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Two charged with catalytic converter thefts in Santa Clarita


By OW Staff

Los Angeles County District Attorney George Gascón has announced that two men have been charged with stealing catalytic converters and then attempting to flee before crashing into a patrol car.

“We are working collaboratively with law enforcement to prosecute catalytic converter thefts, however these cases are notoriously difficult to solve and prosecute,” Gascón said. “That’s why I am also working with state lawmakers on a legislative fix to prevent these crimes from occurring altogether by requiring that identification numbers be engraved on the catalytic converters themselves.”

Vue Xiong, 31, of San Luis Obispo and Fong Vang, 38, of Merced each face three felony counts of grand theft and one felony count of attempted grand theft.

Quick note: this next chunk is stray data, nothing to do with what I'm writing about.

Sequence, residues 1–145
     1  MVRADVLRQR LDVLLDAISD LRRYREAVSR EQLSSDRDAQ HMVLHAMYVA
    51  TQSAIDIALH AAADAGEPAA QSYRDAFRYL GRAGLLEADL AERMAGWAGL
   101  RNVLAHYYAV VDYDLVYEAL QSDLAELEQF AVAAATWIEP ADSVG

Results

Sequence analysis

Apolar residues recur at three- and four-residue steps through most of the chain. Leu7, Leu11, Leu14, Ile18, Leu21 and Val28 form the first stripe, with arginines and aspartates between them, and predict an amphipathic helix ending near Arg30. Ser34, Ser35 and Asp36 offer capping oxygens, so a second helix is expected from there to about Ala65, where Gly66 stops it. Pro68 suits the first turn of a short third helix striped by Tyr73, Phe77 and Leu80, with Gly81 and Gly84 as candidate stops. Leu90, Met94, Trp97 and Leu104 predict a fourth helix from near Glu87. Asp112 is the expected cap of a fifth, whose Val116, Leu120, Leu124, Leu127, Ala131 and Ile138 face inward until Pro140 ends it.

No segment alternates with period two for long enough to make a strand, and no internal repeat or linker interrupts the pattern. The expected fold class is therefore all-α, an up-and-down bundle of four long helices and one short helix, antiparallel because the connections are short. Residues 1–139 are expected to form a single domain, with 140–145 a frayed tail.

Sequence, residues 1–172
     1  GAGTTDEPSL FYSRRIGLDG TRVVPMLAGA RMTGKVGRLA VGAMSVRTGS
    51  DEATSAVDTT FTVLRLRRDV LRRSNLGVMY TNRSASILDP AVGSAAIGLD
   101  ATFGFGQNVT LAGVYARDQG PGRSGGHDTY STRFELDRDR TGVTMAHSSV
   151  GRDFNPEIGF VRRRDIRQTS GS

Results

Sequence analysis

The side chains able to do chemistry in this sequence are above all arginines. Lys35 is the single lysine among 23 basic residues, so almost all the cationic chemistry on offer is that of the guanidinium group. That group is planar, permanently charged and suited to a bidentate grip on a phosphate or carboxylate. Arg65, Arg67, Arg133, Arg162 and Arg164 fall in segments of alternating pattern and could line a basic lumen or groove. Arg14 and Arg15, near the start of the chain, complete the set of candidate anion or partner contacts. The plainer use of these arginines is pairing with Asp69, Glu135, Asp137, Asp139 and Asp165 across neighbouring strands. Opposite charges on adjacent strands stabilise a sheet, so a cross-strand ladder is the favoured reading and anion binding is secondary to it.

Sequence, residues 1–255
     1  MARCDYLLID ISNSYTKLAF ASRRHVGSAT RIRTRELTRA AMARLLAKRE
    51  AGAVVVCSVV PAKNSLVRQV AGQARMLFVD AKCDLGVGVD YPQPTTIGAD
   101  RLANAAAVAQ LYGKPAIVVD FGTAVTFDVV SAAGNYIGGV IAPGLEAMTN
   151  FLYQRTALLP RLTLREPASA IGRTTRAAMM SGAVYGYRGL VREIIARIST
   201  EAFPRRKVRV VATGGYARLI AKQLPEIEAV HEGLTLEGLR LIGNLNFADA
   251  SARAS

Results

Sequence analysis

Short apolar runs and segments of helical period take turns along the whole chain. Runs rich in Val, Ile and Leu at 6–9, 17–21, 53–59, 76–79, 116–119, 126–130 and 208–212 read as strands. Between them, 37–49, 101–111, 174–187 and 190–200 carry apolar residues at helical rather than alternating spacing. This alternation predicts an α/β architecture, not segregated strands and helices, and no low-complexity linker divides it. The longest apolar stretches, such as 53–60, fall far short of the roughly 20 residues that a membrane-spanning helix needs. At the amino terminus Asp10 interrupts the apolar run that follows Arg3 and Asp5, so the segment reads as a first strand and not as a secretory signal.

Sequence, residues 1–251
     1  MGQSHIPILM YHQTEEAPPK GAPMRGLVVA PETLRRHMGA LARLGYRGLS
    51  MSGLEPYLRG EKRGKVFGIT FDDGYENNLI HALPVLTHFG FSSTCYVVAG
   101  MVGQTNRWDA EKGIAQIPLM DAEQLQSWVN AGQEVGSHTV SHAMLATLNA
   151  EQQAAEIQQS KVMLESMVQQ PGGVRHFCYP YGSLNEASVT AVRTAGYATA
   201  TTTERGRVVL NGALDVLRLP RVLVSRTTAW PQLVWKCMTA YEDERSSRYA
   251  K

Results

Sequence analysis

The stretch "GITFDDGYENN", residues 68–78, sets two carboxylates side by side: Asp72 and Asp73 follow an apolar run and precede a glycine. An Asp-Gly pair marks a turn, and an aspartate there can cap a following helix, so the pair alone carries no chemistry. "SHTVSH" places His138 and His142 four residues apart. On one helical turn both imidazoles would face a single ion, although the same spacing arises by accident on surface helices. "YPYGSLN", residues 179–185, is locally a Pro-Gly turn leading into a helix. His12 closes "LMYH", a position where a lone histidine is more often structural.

Arraignment for case PA098167 is scheduled today in Department S of the Los Angeles County Superior Court, San Fernando Branch.

On April 9, the two men and a third suspect were reportedly seen in Santa Clarita stealing a catalytic converter and police were called. They attempted to flee from police, even after the patrol vehicles stopped pursuing them. The van finally came to a stop after running a red light and crashing into a Los Angeles County Sheriff’s Department cruiser, prosecutors said.

Eight catalytic converters were found in the van.

Gascón is sponsoring Senate Bill 986, which would prohibit automobile dealers and retailers from selling a new vehicle unless a vehicle identification number (VIN) has been engraved or etched onto the catalytic converter. It also would prohibit the cash sales of used catalytic converters by requiring core recyclers to accept only traceable payment methods, such as a credit card.

Catalytic converters, which are used to turn hazardous exhaust into less harmful gasses, are made of highly valuable metals such as platinum and can be worth up to $1,200.

Earlier this month, SB 986 was passed by the Senate Business, Professions, and Economic Development Committee. It is slated to be heard in the Senate Public Safety Committee on April 26.